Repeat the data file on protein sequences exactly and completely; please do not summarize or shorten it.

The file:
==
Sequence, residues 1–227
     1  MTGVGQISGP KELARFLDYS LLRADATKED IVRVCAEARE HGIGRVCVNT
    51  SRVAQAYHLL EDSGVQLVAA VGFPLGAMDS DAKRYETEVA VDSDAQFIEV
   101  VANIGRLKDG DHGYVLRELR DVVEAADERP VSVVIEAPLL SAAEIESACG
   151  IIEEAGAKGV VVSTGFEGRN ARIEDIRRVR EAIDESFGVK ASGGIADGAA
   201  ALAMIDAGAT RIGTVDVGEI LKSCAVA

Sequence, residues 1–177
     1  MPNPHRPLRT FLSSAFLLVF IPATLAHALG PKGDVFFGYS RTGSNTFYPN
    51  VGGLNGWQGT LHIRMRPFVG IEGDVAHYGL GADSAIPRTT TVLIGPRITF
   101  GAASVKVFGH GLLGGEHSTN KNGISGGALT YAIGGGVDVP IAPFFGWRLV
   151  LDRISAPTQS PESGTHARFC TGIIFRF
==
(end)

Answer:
Sequence, residues 1–227
     1  MTGVGQISGP KELARFLDYS LLRADATKED IVRVCAEARE HGIGRVCVNT
    51  SRVAQAYHLL EDSGVQLVAA VGFPLGAMDS DAKRYETEVA VDSDAQFIEV
   101  VANIGRLKDG DHGYVLRELR DVVEAADERP VSVVIEAPLL SAAEIESACG
   151  IIEEAGAKGV VVSTGFEGRN ARIEDIRRVR EAIDESFGVK ASGGIADGAA
   201  ALAMIDAGAT RIGTVDVGEI LKSCAVA

Sequence, residues 1–177
     1  MPNPHRPLRT FLSSAFLLVF IPATLAHALG PKGDVFFGYS RTGSNTFYPN
    51  VGGLNGWQGT LHIRMRPFVG IEGDVAHYGL GADSAIPRTT TVLIGPRITF
   101  GAASVKVFGH GLLGGEHSTN KNGISGGALT YAIGGGVDVP IAPFFGWRLV
   151  LDRISAPTQS PESGTHARFC TGIIFRF